Left to right: Josephine Facilla, John Facilla, Hunter Brignoli, Tom Brignoli, Donna-Marie Brignoli, Sophia Facilla, John A. Facilla, Ava Facilla, Denise Facilla, and in the arms of Donna-Marie, Charli and Brooke Brignoli.

 

“We had the inspiration to do something big for the holidays one year,” said Josephine. “Our neighbor was very sick with cancer and someone gave them the number for CancerCare. It was unbelievable. They gave them everything and anything that they needed. It was like nothing we’d ever seen before, so we decided that was the route we were taking.”

For more than 20 years, the Facilla’s display has featured a collection box for donations, with proceeds going directly to CancerCare’s free support services. They have since raised more than $10,000 for people affected by cancer.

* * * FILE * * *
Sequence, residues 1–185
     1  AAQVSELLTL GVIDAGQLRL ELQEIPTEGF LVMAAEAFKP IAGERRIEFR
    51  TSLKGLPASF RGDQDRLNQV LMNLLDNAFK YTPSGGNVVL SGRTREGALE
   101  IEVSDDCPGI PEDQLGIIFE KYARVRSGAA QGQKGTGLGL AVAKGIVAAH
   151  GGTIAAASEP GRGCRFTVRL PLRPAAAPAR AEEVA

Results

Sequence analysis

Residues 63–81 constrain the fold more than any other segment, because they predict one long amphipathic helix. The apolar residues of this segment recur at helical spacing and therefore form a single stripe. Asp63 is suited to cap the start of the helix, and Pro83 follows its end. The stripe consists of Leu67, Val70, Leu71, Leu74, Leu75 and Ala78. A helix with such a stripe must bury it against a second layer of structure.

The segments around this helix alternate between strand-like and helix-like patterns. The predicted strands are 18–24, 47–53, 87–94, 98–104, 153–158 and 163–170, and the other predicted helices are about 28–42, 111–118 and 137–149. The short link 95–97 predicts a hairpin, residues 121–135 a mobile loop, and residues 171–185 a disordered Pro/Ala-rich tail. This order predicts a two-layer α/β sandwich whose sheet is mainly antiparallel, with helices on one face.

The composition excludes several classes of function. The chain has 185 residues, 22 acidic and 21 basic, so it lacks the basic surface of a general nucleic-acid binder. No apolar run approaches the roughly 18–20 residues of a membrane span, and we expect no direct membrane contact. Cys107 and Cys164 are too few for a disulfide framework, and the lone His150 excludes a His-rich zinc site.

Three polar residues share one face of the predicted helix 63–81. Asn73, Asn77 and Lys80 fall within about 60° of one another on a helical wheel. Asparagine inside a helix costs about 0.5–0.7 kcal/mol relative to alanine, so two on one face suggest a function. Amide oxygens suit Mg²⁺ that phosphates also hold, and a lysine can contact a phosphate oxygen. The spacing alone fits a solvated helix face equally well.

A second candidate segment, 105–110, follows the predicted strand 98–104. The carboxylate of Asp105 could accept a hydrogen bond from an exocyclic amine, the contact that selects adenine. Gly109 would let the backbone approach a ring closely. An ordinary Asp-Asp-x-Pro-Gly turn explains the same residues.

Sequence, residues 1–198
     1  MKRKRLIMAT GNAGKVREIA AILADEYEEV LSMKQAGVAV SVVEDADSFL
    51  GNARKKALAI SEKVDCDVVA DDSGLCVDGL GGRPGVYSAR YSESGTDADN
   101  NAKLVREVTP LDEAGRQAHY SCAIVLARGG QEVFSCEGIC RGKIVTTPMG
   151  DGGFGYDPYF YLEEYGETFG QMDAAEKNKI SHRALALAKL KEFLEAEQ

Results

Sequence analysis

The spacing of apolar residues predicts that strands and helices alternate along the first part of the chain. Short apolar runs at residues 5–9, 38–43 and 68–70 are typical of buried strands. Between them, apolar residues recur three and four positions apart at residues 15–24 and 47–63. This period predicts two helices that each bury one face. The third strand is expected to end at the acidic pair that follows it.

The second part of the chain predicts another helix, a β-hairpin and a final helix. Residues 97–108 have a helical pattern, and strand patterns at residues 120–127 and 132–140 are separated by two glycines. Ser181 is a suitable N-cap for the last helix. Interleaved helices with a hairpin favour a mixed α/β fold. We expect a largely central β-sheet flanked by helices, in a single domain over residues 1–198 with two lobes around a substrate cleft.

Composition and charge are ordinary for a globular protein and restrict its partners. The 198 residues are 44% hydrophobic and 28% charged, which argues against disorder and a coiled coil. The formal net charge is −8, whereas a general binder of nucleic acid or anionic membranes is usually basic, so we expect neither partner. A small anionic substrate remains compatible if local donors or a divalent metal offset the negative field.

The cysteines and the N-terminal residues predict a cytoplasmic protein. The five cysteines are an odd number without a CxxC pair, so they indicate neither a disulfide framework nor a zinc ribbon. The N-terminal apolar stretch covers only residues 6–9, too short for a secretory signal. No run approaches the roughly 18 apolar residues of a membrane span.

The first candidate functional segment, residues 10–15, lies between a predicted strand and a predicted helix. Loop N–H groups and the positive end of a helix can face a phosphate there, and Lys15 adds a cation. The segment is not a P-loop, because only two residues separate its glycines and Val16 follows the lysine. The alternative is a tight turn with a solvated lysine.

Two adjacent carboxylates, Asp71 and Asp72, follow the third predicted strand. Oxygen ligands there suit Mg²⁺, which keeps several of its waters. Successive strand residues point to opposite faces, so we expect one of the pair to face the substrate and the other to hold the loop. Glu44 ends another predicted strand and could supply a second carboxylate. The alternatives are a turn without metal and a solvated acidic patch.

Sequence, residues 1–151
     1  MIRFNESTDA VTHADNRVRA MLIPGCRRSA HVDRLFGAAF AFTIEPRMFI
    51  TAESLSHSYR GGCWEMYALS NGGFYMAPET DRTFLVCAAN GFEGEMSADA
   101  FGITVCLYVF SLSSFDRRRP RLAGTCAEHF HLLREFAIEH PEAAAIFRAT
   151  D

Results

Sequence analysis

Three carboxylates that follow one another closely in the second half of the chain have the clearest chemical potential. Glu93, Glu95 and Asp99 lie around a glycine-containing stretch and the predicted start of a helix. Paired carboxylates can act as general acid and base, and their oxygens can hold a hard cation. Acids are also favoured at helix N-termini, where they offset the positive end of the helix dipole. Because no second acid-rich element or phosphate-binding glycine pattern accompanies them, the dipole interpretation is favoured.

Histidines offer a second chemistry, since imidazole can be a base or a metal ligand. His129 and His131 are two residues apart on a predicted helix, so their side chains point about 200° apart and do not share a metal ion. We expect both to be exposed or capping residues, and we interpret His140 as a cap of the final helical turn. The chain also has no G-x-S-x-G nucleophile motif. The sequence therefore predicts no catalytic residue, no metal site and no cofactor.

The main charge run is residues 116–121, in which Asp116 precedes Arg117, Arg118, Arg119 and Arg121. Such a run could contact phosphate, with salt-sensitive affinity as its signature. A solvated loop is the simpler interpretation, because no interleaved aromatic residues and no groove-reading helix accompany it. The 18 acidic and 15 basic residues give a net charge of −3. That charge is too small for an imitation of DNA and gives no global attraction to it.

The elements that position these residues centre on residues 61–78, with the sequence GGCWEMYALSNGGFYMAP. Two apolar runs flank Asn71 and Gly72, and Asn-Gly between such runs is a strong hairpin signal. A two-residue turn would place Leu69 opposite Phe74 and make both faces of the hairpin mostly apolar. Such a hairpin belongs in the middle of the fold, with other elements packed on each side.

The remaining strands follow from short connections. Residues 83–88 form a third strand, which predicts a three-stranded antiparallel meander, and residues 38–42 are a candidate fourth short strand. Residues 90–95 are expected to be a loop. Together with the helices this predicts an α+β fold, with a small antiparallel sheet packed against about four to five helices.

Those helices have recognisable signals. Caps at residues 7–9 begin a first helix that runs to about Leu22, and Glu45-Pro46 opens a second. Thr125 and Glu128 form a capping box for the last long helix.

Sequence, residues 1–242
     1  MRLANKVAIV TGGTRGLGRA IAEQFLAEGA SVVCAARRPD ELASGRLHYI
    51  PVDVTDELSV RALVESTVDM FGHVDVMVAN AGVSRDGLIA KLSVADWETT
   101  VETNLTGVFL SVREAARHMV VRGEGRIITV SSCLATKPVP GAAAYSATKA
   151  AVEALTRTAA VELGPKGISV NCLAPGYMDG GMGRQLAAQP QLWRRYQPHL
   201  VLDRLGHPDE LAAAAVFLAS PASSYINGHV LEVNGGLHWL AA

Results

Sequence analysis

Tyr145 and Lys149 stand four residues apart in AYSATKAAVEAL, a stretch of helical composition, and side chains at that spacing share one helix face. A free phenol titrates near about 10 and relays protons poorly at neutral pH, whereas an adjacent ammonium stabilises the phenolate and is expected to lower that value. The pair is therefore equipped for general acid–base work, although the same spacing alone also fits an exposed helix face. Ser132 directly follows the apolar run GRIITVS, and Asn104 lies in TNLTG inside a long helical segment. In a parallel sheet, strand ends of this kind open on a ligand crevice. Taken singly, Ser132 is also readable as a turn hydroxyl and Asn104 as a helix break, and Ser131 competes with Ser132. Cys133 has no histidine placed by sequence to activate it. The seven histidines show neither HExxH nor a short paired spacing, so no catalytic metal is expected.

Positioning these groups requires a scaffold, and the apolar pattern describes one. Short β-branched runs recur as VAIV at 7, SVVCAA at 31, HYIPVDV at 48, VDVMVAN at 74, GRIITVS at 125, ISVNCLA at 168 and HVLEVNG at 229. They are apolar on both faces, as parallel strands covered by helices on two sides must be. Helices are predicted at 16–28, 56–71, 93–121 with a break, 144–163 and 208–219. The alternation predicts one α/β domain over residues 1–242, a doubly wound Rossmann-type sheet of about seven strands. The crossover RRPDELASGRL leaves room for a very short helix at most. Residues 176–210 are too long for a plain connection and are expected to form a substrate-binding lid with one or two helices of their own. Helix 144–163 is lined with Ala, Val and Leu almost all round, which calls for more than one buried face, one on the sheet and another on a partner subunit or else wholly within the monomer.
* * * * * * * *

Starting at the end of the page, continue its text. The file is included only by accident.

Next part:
“We have people come that have cancer, so I can talk with them and relate,” says Josephine.

The Facilla family adds something new to the display each year, but the mission of the project remains the same – to bring cheer to the community and to make a difference in the lives of people with cancer.

 


O’Neill’s Irish Pub Golf Outing Raises $175,000 for People Affected by Cancer

September 2, 2014

Ollie O’Neill moved to the states from Dublin in 1995 and pursued his dream of bringing the Irish pub culture to his new hometown, Norwalk, CT. He opened O’Neill’s Irish Pub and Restaurant on St. Patrick’s Day of 1999. Not only did he want to provide authentic food and drinks to the community, Ollie also wanted make a lasting difference in the lives of people affected by cancer.